Under U.S. law, only “fine art”—defined as single works of original paintings, drawings, prints, sculptures or works in signed and numbered editions that do not exceed 200 copies—enjoys moral rights protection, explains Los Angeles entertainment lawyer and author Mark Litwak. Litwak says the fine art clause was “included in the Visual Artists Rights Act of 1990… so the U.S. could join the Berne Convention, although it is questionable whether this fulfills all the requirements of Berne.”

The bottom line for American moviemakers, says Silverstein, is that authorship can be bought and sold here like any other commodity. “The entity that claims to be the author may never have seen the work,” he adds. “The true author of the film—the director or the writer—receives no moral rights protection at all. Their words can be changed as much as the copyright owner likes and the name of the director and the writer are still attached.”

Spencer Tracy and Hugh Beaumont in Zinnemann’s The Seventh Cross (1944)

Furthermore, says Silverstein, the Berne Convention compels every member nation to “give to foreigners no less than the rights it gives to its own citizens.” Zinnemann won in Italy because he was afforded the same moral rights as any citizen of Italy. “However, in the U.S., since there is no protection of moral rights for individuals, a foreign director coming here gets no less than the U.S. grants its own citizens, which is zero.”

Litwak thinks moviemaking receives less protection because people view it as a collaborative creative process where no one “author” is responsible for the work, as compared to fine art. “I would be surprised if a producer brought home a Picasso he bought for $100,000 and then announced to his spouse, ‘Honey, Picasso was good, but I think this picture needs some more blue. Where’s the paint?’” says Litwak. “But the same producer who paid $100,000 for a script doesn’t hesitate to take out his pen and make changes to the writer’s work or hire another writer to ‘fix’ the script.”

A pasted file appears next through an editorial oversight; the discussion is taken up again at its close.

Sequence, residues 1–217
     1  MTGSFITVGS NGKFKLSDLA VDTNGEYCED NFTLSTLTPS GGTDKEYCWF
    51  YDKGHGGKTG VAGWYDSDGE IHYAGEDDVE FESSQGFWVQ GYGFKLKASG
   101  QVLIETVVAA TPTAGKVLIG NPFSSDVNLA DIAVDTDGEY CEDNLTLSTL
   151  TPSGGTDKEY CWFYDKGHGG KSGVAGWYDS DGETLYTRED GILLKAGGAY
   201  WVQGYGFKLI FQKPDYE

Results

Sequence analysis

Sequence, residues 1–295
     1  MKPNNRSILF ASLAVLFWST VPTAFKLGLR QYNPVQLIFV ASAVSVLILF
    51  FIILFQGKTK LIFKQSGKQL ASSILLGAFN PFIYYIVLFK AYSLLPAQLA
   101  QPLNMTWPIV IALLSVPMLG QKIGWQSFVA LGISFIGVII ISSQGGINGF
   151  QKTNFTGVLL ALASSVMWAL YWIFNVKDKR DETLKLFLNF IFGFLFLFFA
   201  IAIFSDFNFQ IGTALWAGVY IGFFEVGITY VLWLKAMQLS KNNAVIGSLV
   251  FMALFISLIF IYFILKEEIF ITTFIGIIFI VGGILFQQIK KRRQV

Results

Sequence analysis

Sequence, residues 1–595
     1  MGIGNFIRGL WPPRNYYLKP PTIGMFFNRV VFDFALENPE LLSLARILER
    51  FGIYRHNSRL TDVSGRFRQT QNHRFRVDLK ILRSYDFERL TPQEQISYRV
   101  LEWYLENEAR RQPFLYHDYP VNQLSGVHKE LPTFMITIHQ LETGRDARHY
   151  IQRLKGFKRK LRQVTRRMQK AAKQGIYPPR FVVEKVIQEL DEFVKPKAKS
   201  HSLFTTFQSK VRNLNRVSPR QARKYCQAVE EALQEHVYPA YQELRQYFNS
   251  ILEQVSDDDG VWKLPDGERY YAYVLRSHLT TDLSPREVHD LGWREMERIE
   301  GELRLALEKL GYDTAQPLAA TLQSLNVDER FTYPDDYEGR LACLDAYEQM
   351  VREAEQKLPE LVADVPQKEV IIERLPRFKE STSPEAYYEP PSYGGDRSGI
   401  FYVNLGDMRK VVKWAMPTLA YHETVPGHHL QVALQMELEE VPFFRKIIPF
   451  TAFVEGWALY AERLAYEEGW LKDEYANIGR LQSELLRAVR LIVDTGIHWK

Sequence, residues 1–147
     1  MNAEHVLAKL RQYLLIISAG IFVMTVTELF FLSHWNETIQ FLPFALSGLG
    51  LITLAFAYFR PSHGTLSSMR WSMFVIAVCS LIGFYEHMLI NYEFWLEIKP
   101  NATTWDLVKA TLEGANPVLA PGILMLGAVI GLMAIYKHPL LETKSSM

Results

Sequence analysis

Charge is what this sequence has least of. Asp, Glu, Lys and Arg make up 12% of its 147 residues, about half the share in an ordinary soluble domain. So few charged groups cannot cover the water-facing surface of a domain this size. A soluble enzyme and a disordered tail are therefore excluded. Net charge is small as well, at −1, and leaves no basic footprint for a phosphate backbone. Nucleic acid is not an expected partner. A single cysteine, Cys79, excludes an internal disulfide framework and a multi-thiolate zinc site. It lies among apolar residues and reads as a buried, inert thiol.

Silverstein agrees that moviemaking is a collaborative process, “but there’s a guiding force, a signature that is placed on the film by the director, by the writer,” he says. “You see it in the commercials now, ‘From the director of…’ The fact is they attribute true authorship to the director, although legal authorship is denied.”

There have been attempts by the Directors Guild of America to lobby members of Congress to change U.S. laws to meet European standards of moral rights, but so far nothing has worked, says Silverstein, who served on the DGA’s board of directors for over 25 years. Prior to the Zinnemann decision, the most high-profile moral rights case concerned a colorized version of John Huston’s The Asphalt Jungle (1950), which was barred from theatrical distribution in France by a French court.

Silverstein believes the lack of moral rights protection in the U.S. all but invites copyright holders to cut, colorize and otherwise manipulate films for commercial reasons. Moviemakers don’t have a legal leg to stand on, so no cases go to court. “Everybody’s conditioned to accept the egregious,” Silverstein says, “so people don’t expect anything better out of the United States—at the moment.” MM